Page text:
The Quiet Earth: The Native Flora Garden in Winter - Brooklyn Botanic Garden
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The Quiet Earth: The Native Flora Garden in Winter

When you step into the Native Flora Garden, no matter what season, you feel a sense of wonderment and mystery. It looks and feels like a forest. During summer months, the garden pulses with activity—flying insects buzz, lush growth sways in the warm breeze, the smells are intoxicating. It’s as if you’re standing on the heartbeat of nature. During the winter months, with its bones laid bare, the garden takes on a much different mood.

It’s peaceful and quiet. But it retains a paradoxical sense of being both alluring and terrifying. How is it that a garden can evoke such a range of feelings? To begin to understand, maybe we should look back to a time when the ecosystems we’ve replicated here thrived throughout the region. As New York City expanded from its beginnings as a Dutch trading post, the forest boundary was pushed farther and farther away from the center of human activity. Today, we urbanites have grown almost completely out of touch with the spirit and legend of the forest. These days, first graders are sometimes scared to step into the Native Flora Garden when they arrive.

Forests still evoke powerful feelings after all. The thrill people once got from the shadowy, sylvan darkness has all but disappeared from our modern lives, but a visit to the winter woods can help us reconnect, in some small way, with our natural and cultural heritage. The short days of winter show a forest unclothed. The bare trunks of trees reveal nature’s architecture—buttressed root flares; stark outlines of branches and twigs against the sky; rough, textured bark. Towering treetops, hidden from view during summer, become eerie. There is a distinct stillness in the air, but what appears as a “dead” landscape is anything but.

So where are the animals, and what are the plants doing? Where are the signs of life during the winter? They can be found, for one, in the Hugo De Vries sweet gum (Liquidambar styraciflua), planted over 100 years ago by the eminent Dutch botanist and scientist for which it was named. This tree has stood on this patch of earth for a century, both feeding upon it and nourishing it. Its gnarled branches and misshapen burls bear the scars of history healed over, and it has risen to a strange perfection through the bending and warp of age.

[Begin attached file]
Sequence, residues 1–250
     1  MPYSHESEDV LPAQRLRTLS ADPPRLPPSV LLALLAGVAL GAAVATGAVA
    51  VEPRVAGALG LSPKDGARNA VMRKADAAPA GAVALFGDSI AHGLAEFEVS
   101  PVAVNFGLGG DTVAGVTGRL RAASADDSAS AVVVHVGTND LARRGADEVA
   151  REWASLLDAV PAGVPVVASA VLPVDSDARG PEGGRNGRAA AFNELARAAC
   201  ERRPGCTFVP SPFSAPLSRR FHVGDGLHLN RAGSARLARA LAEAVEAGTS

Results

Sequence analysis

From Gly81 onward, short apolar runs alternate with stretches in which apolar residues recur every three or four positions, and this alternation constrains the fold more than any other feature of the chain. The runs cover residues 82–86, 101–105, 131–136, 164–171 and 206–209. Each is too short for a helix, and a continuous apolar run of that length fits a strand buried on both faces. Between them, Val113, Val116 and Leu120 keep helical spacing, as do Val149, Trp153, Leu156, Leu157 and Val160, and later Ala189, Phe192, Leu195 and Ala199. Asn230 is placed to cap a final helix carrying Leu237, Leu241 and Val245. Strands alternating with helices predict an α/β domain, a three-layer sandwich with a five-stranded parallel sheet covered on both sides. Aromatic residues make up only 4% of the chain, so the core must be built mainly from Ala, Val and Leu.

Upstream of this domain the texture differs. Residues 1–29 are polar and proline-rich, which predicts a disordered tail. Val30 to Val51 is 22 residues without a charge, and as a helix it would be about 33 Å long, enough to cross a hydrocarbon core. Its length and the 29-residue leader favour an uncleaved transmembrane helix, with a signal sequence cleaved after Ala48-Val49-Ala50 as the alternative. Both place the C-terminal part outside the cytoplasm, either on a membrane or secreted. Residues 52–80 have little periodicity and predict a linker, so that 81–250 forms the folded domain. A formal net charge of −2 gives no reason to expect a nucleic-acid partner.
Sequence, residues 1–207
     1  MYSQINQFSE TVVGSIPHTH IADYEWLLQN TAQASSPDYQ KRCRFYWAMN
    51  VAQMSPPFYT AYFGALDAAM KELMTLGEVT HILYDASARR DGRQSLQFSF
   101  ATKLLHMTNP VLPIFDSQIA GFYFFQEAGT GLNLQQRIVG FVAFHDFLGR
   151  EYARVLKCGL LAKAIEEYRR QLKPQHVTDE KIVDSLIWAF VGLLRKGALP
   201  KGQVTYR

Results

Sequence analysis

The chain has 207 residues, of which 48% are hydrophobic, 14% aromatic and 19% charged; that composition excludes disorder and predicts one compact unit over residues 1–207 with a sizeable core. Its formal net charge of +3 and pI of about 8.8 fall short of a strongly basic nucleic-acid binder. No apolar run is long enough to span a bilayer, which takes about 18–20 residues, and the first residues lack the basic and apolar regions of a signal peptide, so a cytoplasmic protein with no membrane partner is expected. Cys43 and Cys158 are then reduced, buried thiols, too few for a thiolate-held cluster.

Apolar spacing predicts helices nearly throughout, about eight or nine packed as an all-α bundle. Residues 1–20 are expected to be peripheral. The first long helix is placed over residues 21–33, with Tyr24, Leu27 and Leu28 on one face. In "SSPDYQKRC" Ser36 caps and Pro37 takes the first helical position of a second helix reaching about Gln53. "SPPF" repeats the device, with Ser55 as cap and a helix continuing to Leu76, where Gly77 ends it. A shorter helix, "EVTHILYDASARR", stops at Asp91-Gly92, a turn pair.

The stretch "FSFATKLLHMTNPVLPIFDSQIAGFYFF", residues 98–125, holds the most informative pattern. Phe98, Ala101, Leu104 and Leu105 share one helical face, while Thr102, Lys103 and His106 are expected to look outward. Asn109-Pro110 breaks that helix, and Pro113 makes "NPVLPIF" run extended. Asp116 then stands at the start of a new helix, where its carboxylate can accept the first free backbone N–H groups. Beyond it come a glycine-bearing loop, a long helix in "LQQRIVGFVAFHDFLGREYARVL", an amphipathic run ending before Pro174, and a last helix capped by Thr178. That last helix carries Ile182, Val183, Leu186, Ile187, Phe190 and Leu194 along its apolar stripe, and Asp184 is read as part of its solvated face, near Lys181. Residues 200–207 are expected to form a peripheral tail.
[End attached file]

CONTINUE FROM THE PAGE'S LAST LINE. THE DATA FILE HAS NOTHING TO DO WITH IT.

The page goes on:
During winter, the sweet gum’s majestic external structure is most apparent, but many seasons of feast and famine are concealed within its trunk and branches. Inside, unseen rings chronicle the fat years and lean times as the tree added more growth in years with abundant rain and nourishment and less during droughts. Trees harbor many other secrets too. The De Vries sweet gum, in its old age, yields cozy compartments in which black squirrels and raccoons take refuge from biting winter winds. The only evidence of their presence is revealed when there is a touch of hoarfrost or a dusting of powdery snow, when tiny paw prints lead to and from the massive trunk, showing that these animals have used the garden’s path as a highway to buried treasures and frozen morsels.

And deep within the trunk, the cycle of rebirth is under way in the nests these creatures have made. They will eventually cease to be winter dwellings and become nurseries instead, when newborns arrive in the spring. It’s all part of the ageless rhythm of birth and death, one that is reliable and full of hope. These animals and their nests are part of something ancient and bigger than our daily lives. Underground, plants are forming buds in anticipation of spring. In May, drifts of mayapples, ferns, and purple trillium will thrive beneath the sweet gum in the shade provided by its leafy boughs. Now, in winter, the thick rhizomes of trillium are beginning to grow a new set of roots.

At one end, a fat bud emerges and elongates, stopping just below the surface of the soil. Within, three leaves and a dark maroon flower are ready to burst forth as soon as winter is over. Many other spring ephemerals follow this model of growth. It allows them to take advantage of early sunlight in the forest once spring has arrived. Meanwhile, nestled in the axil of a nearby spicebush, a curious egg case appears. It looks like a brown marshmallow and feels like Styrofoam. I have seen others all over the garden. It belongs to the praying mantis, a fearsome but beneficial insect. Seeing one makes me smile; such egg cases are signs of a balanced ecosystem, where plants and the diverse community of insects and wildlife they sustain live in harmony.

A sense of connectedness, hope in the future, a reliable rhythm, signs of rebirth—these are the qualities of the forest that will always lure us in. The only way to reacquaint oneself with nature is to spend time immersed in it. Take the time to walk in the Native Flora Garden and be sure to keep your eyes and ears open. You may be silent, but there will be singing all around you.

Uli Lorimer is director of Horticulture at Garden In The Woods, in Framingham, Massachussettes. Previously, he was curator of BBG's Native Flora Garden.

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Image, top of page: Uli Lorimer